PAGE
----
TABLE 6______________________________________d0  d3 d7   d10                           magnification______________________________________37.50    13.0    148.0     85.25                           1.7343.87    98.0    98.0      43.87                           1.0085.25    148.0   13.0      37.50                           0.58______________________________________

FIGS. 8(A)-8(C) show aberration curves showing the spherical aberration andastigmatism, respectively, with image-forming magnifications of 1.00, 1.73 and 0.58.

In this embodiment, the magnification ratio of the formed image is 1.73/0.58, namely, 2.98. Magnification of more than two is possible without degrading image-forming performance.

Fourth Embodiment

The fourth embodiment shown in FIG. 9 includes, similarly to the third embodiment, a telecentric image-forming optical system, capable of formingan image at a relatively great magnification, in which a first lens group and a third lens group each consist of three lenses. Lens data of the respective lens groups shown in FIG. 9 are listed in TABLE 7.

              TABLE 7______________________________________     r        d         n       ν______________________________________(First Group)1           103.60     10.0      1.734 51.12           -154.00    0.43           51.00      18.0      1.620 49.84           -60.00     4.0       1.750 35.25           40.60      variable(Second Group)6           109.00     2.0       1.624 47.17           38.00      10.0      1.589 61.28           -38.00     2.0       1.624 47.19           -109.00    variable(Third Group)10          -40.60     4.0       1.750 35.211          60.00      18.0      1.620 49.812          -51.00     0.413          154.00     10.0      1.734 51.114          -103.60______________________________________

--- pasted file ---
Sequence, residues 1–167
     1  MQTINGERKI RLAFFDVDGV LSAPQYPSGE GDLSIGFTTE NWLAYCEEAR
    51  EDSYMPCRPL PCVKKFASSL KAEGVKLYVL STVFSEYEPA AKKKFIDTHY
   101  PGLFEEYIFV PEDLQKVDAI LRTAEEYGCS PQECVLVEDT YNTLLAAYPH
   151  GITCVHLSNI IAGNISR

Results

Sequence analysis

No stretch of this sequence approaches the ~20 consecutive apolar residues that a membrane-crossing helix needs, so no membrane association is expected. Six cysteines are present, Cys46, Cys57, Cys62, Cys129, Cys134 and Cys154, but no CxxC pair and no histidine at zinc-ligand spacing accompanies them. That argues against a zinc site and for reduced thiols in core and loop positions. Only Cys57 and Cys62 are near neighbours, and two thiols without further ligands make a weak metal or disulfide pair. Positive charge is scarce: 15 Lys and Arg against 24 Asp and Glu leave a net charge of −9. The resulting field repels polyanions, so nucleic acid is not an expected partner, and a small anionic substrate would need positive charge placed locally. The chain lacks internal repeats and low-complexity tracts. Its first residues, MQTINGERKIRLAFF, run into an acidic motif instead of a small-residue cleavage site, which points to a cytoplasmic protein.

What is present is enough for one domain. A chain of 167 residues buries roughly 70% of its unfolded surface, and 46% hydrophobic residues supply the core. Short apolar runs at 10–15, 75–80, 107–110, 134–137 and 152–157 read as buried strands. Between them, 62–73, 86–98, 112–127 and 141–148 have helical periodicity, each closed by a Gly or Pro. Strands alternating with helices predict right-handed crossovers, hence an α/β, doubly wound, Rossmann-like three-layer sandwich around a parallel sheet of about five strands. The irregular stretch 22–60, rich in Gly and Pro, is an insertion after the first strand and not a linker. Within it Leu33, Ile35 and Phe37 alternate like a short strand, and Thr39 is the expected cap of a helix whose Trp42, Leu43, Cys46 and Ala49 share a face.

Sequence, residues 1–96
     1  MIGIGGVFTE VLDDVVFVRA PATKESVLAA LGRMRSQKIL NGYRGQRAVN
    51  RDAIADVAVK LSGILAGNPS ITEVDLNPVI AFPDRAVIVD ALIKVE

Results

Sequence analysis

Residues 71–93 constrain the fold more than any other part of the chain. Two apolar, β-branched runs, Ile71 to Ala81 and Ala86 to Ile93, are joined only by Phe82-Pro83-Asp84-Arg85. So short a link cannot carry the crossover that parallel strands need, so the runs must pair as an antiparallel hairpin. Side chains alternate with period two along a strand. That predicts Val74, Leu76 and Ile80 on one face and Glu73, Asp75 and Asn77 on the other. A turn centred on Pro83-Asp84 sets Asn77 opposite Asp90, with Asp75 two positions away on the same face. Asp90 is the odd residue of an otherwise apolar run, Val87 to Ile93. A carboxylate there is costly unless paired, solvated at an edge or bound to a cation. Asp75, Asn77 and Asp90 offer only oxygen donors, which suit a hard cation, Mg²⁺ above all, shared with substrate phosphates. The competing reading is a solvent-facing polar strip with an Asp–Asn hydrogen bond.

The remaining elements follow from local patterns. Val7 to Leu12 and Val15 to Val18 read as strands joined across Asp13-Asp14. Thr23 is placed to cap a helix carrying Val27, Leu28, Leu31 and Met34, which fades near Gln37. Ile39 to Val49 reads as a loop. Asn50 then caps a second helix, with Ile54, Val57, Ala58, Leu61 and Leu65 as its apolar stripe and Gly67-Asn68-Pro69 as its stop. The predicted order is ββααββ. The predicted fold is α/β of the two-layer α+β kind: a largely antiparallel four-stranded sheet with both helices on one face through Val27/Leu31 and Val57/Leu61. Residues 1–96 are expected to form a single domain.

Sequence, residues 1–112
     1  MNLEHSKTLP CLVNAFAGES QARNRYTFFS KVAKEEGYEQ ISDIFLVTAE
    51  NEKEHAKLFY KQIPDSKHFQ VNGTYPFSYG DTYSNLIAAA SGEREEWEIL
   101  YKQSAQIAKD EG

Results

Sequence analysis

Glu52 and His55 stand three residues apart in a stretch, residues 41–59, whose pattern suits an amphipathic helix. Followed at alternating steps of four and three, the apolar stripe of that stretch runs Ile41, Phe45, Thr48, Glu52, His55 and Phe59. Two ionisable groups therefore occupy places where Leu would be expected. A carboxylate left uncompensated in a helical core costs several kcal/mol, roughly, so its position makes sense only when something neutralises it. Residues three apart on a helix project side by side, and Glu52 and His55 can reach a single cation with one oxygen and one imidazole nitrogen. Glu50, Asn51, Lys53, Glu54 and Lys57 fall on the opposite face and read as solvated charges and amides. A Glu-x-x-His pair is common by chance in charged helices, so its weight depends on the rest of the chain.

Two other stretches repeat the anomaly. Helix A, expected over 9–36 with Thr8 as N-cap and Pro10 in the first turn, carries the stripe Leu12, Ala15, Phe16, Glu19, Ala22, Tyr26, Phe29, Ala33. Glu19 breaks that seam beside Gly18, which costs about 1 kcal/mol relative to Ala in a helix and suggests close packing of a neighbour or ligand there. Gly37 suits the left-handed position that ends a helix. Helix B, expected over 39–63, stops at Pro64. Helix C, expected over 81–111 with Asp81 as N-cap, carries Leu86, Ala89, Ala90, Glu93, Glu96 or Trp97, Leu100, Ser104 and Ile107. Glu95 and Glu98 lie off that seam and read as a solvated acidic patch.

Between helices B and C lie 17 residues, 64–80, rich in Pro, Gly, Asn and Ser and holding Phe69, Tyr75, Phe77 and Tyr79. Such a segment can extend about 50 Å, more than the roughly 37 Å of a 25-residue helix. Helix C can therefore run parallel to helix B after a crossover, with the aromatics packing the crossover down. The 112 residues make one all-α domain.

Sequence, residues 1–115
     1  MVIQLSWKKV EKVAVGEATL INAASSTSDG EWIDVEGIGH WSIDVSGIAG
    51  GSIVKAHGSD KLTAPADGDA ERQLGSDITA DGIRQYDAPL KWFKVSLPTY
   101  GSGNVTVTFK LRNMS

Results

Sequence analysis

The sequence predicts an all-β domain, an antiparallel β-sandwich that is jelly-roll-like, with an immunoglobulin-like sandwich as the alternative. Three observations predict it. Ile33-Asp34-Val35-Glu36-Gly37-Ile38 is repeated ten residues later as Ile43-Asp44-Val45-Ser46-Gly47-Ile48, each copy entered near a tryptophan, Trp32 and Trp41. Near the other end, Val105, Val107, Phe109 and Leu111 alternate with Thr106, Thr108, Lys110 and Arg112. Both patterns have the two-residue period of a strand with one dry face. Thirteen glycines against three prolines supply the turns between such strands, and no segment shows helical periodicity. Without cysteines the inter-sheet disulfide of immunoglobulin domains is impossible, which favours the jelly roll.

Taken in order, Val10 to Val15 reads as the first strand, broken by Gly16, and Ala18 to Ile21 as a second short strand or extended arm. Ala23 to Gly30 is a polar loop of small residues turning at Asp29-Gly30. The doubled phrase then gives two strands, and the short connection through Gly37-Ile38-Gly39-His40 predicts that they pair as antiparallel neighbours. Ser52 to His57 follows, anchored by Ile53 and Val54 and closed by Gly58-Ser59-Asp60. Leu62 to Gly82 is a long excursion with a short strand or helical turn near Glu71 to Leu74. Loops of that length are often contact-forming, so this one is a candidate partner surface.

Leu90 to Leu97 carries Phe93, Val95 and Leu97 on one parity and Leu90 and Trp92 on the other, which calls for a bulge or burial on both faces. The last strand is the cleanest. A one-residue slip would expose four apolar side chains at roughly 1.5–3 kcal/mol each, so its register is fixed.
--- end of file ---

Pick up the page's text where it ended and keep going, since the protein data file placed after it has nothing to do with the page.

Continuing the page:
f1 : 101.83; f2 : 106.13; f3 : 101.83;

NA: 0.1

dimension of image plane: 10 φ;

distance between object and image: 361.51;

The arrangements of the lenses corresponding to image-forming magnifications 1.50. 1.00 and 0.67 in this embodiment are shown in TABLE 8.

              TABLE 8______________________________________d0   d5            d9  d14                           magnification______________________________________75.97     7.6    96.0     103.14                           1.5080.55     60.8   60.8     80.55 1.00104.13    96.0   7.6      75.97 0.67______________________________________

FIGS. 10(A)-10(C) show aberration curves showing the spherical aberration and astigmatism, respectively, with image-forming magnifications of 1.00, 1.50 and 0.67.